Northern Irish loyalists demand Brexit changes, call for end to street violence

Pro-British loyalist militants in Northern Ireland said on Friday there had been a "spectacular collective failure" to understand their fears and anger over Brexit and other issues as police braced for more street clashes following a week of riots.

Police officers are seen next to fire during a protest in the Loyalist Tigers Bay Area of Belfast, Northern Ireland April 9, 2021. REUTERS/Jason Cairnduff
Police officers are seen next to fire during a protest in the Loyalist Tigers Bay Area of Belfast, Northern Ireland April 9, 2021. REUTERS/Jason Cairnduff

BELFAST (Bywire News)- Despite appeals for calm from London, Dublin and Washington, the nightly unrest in pro-British areas spread further into Irish nationalist parts of Belfast on Thursday, where police responded to petrol bomb and stone attacks with water cannon.

Nineteen officers and a police dog were injured, police said.

The clashes are some of the worst violence in Northern Ireland in years and have raised concern about the 1998 peace accord that largely ended three decades of sectarian and political bloodshed during which 3,600 people were killed.

The LCC, which says it speaks for the Ulster Volunteer Force, Red Hand Commando and Ulster Defence Association militant groups, said it was not involved in the riots and it called for calm.

The loyalist paramilitaries, as they are known, laid down their weapons in the years that followed the Good Friday Agreement. But the LCC said Unionist anger had been misunderstood.

"To date there has been a spectacular collective failure to understand properly the scale and nature of Unionist and Loyalist anger," it said.

The council cited concerns over post-Brexit trade barriers as well as policing following a decision last week not to prosecute Irish nationalist rivals Sinn Fein for an alleged breach of COVID-19 regulations at the funeral of a former IRA leader last June.

After the United Kingdom left the European Union at the start of this year, checks and tariffs were introduced on some goods moving from mainland Britain to Northern Ireland as the province was now borders the bloc via EU member Ireland.

British Prime Minister Boris Johnson had promised there would be no hard border between Ireland and Northern Ireland as result of Brexit, and unfettered trade between the province and the rest of the United Kingdom would continue.

But critics of the departure deal's Northern Ireland Protocol say a border is now in effect in the Irish Sea, leaving unionists, who want to stay in the United Kingdom, feeling betrayed.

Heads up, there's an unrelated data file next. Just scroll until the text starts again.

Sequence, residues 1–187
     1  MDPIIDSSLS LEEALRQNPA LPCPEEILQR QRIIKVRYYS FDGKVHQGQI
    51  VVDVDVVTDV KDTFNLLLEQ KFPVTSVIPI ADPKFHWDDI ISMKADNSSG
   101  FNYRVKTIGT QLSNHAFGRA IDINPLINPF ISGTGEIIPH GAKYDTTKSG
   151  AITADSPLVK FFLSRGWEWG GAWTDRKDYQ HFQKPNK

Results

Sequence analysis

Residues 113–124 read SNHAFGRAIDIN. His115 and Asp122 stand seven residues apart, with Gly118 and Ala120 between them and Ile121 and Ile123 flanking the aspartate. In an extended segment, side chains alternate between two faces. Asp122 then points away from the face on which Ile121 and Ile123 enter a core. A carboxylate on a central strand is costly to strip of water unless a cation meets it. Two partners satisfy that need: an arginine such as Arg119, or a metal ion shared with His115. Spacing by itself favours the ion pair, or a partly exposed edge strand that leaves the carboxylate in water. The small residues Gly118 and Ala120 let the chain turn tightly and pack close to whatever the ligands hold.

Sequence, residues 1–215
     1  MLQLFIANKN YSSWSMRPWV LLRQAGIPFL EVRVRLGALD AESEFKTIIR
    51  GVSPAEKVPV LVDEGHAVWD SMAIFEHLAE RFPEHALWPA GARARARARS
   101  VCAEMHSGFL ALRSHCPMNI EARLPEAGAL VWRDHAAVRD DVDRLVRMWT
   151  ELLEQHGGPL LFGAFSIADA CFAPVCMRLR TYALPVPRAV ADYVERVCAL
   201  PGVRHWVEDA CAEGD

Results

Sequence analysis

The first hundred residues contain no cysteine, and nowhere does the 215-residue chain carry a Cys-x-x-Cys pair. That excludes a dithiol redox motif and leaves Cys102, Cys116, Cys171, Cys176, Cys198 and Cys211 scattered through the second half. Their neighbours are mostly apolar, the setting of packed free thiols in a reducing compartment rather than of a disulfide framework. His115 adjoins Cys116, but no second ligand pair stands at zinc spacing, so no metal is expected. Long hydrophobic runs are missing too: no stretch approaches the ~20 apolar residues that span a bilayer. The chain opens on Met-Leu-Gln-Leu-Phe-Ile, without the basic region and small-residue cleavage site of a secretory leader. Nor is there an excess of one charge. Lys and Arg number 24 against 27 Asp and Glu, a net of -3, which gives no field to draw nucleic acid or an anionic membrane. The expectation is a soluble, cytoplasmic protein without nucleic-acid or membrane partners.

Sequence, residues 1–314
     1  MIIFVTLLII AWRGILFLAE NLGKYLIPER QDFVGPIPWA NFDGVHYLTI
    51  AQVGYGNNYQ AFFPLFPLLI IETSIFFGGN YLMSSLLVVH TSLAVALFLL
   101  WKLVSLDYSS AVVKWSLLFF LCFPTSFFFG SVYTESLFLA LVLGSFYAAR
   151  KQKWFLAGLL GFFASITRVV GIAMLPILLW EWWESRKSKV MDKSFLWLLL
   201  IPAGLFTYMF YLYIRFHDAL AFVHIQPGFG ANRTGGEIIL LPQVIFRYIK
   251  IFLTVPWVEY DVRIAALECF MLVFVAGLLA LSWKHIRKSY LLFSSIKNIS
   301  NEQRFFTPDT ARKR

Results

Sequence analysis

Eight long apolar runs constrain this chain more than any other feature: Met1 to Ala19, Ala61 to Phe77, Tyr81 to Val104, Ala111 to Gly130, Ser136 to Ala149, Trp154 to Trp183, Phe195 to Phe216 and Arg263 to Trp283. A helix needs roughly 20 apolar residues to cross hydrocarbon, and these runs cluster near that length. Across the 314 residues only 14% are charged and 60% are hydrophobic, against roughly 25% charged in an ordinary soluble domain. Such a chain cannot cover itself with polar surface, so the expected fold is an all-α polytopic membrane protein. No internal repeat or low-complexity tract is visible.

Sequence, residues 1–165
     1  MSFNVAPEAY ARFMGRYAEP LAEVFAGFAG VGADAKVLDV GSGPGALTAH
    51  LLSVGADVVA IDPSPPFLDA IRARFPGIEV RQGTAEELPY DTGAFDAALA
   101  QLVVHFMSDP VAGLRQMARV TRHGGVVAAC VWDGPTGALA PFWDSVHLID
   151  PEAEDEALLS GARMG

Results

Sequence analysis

"We have repeatedly urged HM Government, political leaders and Institutions to take seriously our warnings of the dangerous consequences of imposing this hard border on us and the need for earnest dialogue to resolve matters. We reiterate that message now," the LCC said.

A new protocol must be negotiated, it said.

"We again place on record our absolute determination to remove the hard border between Northern Ireland and the rest of our country that has been imposed on us by the NI Protocol."


With protests planned for later on Friday, one shopping mall in Newtownabbey on Belfast's northern outskirt, said it would shut early to allow staff and customers to vacate the site.

Sinn Fein leader Mary Lou McDonald said she feared the protests could set the tone for a violent summer when thousands of pro-British Protestants hold marches, a tradition the mainly Catholic nationalists who want to be part of a united Ireland see as provocative and often lead to clashes.

"We have communities that are bracing themselves perhaps for a very difficult weekend, deep concerns that violence might extend further and that this might set the tempo and the scene for this summer," McDonald told Irish national broadcaster RTE.

"There has to be a very clear call that the proposed protests for the weekend must be called off before people are badly injured or worse."

The United States, which has traditionally taken a close interest in Irish matters, on Thursday warned that the Good Friday Agreement which it helped broker should not become a casualty of Brexit.

By Amanda Ferguson

(Additional reporting and writing by Padraic Halpin in Dublin and Guy Faulconbridge in London; Editing by Alistair Smout and Angus MacSwan)

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